When we returned, he quickly got through his thresholds going from the opposite direction and after only 2 minutes, he squeezed quickly under. He did not trot, but it was speedy and unconfident. I let him stand for several minutes until he licked and chewed, then I repeated it 4 times and he was going under at a walk, very confidently.

I expected a lot and rewarded the littles he gave me. I was surprised that he was able to become confident so quickly. The whole thing (including our extensive breaks) took about 45 minutes, I would guess. I think that a lot of the success was due to all of the time I gave him in between the steps as well as how slow I went. I focused on my breathing and keeping it slow and audiable. I also noticed that he was not so tuggy and was ready to pay attention when I was leaving the grass.
I left the set up attached to the trailer so we can do it again tonight, maybe. I hope you had a good day at work.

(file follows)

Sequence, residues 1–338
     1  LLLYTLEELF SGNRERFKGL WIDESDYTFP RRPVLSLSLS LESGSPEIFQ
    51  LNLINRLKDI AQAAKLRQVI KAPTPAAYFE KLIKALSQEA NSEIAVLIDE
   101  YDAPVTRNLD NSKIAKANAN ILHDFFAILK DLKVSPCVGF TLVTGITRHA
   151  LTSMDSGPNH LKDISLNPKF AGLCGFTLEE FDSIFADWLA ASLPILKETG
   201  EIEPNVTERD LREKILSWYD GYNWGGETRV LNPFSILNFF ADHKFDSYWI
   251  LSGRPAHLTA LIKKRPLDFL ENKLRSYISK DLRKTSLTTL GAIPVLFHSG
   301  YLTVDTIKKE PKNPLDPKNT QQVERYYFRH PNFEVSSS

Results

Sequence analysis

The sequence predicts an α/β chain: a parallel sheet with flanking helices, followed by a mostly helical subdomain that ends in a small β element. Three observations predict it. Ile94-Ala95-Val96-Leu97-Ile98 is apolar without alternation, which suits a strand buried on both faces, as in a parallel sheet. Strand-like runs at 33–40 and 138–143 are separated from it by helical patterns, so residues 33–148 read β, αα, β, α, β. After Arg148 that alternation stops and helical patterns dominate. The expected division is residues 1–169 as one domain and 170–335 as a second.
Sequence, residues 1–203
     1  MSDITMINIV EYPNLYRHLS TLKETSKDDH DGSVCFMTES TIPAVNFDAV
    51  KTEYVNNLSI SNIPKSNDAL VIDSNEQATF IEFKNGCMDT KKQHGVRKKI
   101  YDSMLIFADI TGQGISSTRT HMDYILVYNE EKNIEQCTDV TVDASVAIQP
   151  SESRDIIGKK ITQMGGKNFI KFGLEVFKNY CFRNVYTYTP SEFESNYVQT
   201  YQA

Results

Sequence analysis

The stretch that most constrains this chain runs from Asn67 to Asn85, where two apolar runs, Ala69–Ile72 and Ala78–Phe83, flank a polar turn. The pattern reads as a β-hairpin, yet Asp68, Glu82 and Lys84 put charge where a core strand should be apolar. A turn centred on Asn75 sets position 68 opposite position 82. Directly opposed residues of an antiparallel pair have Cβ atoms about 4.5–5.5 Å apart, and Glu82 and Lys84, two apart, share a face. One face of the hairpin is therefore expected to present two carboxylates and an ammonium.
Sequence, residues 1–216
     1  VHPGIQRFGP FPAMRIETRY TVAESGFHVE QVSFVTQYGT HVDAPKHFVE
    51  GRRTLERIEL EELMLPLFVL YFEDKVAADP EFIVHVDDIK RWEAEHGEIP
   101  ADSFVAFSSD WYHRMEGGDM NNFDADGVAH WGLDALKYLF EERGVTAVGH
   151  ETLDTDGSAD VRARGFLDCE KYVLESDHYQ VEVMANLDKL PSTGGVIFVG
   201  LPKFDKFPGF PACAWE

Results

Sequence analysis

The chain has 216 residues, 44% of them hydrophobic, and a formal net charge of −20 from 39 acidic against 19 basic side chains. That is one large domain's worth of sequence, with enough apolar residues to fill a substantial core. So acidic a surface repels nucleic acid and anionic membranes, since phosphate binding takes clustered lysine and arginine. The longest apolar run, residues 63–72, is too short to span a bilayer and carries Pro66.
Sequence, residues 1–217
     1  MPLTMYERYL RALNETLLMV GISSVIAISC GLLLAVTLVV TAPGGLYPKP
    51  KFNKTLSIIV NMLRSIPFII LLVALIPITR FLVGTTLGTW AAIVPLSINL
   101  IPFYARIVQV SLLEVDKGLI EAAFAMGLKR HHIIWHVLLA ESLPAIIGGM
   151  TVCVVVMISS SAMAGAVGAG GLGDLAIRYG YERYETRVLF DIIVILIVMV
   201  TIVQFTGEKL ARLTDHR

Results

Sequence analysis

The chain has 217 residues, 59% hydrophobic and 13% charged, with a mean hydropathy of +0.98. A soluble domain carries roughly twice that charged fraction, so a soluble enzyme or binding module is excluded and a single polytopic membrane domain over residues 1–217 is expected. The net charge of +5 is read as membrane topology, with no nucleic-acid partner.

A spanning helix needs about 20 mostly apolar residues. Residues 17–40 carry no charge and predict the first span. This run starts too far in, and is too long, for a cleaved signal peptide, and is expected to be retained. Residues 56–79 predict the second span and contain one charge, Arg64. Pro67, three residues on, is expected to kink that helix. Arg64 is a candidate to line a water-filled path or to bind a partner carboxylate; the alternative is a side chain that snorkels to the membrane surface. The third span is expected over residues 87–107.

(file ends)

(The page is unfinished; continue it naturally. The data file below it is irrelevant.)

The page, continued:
Natural Horsewoman

No comments:

Post a Comment

About Me

My photo
I am a young horsewoman with a million things on my mind. I have been a student of the horse all my life. As a little girl, I had a desire to understand horses on deeper levels. I believed that there was no such thing as a bad horse, and I believed that all horses were beautiful. One might say that I was a naive child, but I guess I don't have an excuse anymore, because I still believe all of that, and Parelli Natural Horsemanship is helping expand on this perspective.

What We Are Currently Playing With

  • Moving Close Circles at Liberty
  • Soft, Balanced Canter on 45' Line
  • Zone 5 Driving